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Cartilage-Hair Hypoplasia 

Cartilage-Hair Hypoplasia
Cartilage-Hair Hypoplasia

Outi Mä kitie

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Cartilage-hair hypoplasia (CHH), or metaphyseal chondrodysplasia, McKusick type (MIM 250250), is an autosomal recessive skeletal dysplasia in which immunodeficiency is a constant feature (McKusick et al., 1965). Skeletal dysplasias comprise a large group of clinically distinct and genetically heterogeneous conditions characterized by abnormalities in patterning, linear growth, differentiation, and maintenance of the human skeleton, beginning during the early stages of fetal development and evolving throughout life. In the 2006 revision of the International Nosology and Classification of Genetic Skeletal Disorders, 372 different conditions were listed in 37 groups defined by molecular, biochemical, and/or radiographic criteria (Superti-Furga and Unger, 2007). The metaphyseal chondrodysplasias constitute a subgroup of bone dysplasias with eight distinct disorders.

CHH is a pleiotropic skeletal dysplasia with symptoms arising also from several nonskeletal tissues (Makitie et al., 1995; Makitie and Kaitila, 1993; McKusick et al., 1965). In the original description of CHH, McKusick et al. observed an increased propensity to infections, caused by viruses in particular. Since then the defective immunity in CHH has been confirmed by clinical and laboratory studies (Makitie et al., 1998, 2000b; Polmar and Pierce, 1986). The disease-causing gene, RMRP, RNA component of mitochondrial RNA processing endoribonuclease, was identified in 2001, and a number of mutations have been found (Ridanpaa et al., 2001, 2002). However, the pathogenic mechanisms of the pleiotropic features, including the immunodeficiency, have remained elusive.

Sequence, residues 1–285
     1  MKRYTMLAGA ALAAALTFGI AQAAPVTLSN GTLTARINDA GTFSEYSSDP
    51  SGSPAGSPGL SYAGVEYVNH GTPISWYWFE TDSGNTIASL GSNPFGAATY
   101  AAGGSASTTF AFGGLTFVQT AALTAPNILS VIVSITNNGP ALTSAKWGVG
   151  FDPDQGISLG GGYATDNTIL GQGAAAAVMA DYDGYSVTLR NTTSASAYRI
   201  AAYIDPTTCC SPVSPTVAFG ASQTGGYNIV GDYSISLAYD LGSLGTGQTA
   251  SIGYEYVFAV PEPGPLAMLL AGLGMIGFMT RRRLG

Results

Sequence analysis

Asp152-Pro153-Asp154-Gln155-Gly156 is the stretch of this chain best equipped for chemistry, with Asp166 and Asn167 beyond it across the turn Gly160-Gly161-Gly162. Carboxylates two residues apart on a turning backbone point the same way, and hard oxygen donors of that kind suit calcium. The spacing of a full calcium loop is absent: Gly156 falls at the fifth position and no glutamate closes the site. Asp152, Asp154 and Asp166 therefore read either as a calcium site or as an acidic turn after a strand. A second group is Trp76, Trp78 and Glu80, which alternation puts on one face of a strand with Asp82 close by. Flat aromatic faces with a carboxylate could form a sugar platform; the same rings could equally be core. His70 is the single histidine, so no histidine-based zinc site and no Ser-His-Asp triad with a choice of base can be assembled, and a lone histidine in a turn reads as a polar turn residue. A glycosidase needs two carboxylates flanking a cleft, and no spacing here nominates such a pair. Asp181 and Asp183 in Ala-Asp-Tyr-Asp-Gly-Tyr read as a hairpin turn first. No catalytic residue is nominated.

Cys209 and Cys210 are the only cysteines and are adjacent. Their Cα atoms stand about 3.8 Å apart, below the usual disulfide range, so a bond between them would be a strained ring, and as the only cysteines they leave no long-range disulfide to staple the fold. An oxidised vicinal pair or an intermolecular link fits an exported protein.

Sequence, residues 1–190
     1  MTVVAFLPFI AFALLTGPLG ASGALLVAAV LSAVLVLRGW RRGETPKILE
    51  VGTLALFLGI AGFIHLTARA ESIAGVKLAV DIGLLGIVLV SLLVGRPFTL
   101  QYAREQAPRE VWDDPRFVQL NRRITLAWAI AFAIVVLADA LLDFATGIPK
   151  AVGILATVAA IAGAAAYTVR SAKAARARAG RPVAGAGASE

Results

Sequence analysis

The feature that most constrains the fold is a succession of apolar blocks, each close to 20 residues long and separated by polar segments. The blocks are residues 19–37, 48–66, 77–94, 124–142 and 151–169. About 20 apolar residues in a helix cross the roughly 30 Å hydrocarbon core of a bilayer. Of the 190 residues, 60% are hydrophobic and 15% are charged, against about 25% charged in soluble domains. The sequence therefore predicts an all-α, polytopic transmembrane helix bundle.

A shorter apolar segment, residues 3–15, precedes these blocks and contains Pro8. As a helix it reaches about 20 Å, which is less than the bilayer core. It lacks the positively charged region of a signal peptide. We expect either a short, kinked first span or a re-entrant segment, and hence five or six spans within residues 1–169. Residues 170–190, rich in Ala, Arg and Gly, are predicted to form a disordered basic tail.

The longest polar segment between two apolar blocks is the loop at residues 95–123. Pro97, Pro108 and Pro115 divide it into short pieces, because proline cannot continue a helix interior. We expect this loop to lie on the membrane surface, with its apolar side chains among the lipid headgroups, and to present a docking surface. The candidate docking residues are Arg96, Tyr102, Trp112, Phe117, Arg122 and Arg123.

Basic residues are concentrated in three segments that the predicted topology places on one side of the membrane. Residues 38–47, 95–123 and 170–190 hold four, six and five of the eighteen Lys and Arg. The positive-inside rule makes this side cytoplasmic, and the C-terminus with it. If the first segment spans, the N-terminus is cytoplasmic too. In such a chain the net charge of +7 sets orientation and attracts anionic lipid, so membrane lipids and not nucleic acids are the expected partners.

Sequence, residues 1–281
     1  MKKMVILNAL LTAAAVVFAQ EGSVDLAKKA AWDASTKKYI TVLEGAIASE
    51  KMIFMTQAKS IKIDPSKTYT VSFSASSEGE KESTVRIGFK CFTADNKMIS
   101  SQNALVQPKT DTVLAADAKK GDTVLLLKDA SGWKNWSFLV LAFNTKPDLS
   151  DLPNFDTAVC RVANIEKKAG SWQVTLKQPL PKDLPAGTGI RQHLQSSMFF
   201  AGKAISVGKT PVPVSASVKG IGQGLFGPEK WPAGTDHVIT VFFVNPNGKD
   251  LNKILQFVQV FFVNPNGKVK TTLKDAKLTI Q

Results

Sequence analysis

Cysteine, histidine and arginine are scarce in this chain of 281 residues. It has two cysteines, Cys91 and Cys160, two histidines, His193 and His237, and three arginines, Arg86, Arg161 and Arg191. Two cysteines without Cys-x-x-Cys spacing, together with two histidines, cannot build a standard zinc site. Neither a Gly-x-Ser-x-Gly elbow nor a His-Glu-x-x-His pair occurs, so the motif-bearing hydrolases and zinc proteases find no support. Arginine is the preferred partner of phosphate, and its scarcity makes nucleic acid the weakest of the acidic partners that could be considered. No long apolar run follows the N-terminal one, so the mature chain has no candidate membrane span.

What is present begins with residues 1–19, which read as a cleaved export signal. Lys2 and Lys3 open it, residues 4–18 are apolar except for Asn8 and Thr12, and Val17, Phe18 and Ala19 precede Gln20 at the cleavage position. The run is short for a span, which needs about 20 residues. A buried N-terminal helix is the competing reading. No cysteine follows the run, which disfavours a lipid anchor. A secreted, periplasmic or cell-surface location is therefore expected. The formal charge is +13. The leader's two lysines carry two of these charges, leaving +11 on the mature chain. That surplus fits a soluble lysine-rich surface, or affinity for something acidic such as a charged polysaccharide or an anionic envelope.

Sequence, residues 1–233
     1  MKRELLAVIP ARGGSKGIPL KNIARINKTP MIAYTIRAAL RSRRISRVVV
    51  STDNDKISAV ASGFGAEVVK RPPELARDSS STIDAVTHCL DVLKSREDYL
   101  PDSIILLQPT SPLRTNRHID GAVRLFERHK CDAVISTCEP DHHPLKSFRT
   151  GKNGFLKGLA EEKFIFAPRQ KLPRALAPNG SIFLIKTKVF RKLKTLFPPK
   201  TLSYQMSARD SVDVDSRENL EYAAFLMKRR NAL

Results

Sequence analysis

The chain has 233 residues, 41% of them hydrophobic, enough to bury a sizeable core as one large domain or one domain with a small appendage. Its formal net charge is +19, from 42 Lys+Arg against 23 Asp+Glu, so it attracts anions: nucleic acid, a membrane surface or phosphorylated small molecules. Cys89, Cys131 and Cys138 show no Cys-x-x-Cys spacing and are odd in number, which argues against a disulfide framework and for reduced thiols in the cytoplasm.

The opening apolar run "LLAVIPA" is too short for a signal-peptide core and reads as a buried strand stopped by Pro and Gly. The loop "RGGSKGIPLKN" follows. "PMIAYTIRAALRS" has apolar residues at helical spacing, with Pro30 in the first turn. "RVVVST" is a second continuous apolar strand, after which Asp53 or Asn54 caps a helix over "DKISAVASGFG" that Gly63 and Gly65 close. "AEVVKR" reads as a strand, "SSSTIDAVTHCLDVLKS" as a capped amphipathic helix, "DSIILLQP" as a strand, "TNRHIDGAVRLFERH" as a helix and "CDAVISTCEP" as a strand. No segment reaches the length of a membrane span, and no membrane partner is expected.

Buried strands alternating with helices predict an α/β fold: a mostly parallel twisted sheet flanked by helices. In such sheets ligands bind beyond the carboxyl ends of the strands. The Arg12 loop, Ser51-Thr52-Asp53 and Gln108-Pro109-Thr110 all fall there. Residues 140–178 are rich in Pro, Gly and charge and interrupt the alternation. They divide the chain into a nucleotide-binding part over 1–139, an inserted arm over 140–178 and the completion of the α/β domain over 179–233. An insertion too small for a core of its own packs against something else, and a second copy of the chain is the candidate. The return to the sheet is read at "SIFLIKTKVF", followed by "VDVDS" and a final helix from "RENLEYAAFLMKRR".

CHH is prevalent among the Amish in the United States and among the Finns in Europe, but affected families have been observed in most Caucasian and Asian populations (Nakashima et al., 2003; Ridanpaa et al., 2002).

Clinical Manifestations

Nonimmunological Features

The clinical features include growth failure and hair hypoplasia (Makitie and Kaitila, 1993; Makitie et al., 1995), anemia (Juvonen et al., 1995; Makitie et al., 1992b), intestinal neuronal dysplasia or Hirschsprung’s disease (HD) (Makitie et al., 2001a), defective spermatogenesis (Makitie et al., 2001c), and risk of malignancies (Makitie et al., 1999) (Table 37.1 and Fig. 37.1).

Table 37.1 Pleiotropic Features in Cartilage-Hair Hypoplasia


Frequency (%)

Short stature, –4 SD or <5th percentile


Hair hypoplasia




Propensity to infections


In vitro immunodeficiency


Hypoplastic childhood anemia


Gastrointestinal dysfunction


Hirschsprung’s disease


Defective spermatogenesis


Metaphyseal chondrodysplasia on childhood skeletal radiographs


Overall risk of malignancies (standardized incidence ratio)


Non-Hodgkin’s lymphoma (standardized incidence ratio)


Basal cell carcinoma (standardized incidence ratio)